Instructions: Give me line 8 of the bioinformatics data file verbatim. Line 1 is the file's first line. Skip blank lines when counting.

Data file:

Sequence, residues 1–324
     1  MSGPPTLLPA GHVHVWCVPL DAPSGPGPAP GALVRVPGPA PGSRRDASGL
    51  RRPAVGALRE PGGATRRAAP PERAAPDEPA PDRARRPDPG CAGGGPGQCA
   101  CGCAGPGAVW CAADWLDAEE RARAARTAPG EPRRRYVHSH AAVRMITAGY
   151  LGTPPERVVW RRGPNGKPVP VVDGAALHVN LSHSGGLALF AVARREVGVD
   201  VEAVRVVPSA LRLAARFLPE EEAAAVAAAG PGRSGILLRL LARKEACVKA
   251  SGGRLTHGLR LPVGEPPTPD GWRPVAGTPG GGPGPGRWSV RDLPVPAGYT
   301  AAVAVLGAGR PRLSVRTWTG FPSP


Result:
   301  AAVAVLGAGR PRLSVRTWTG FPSP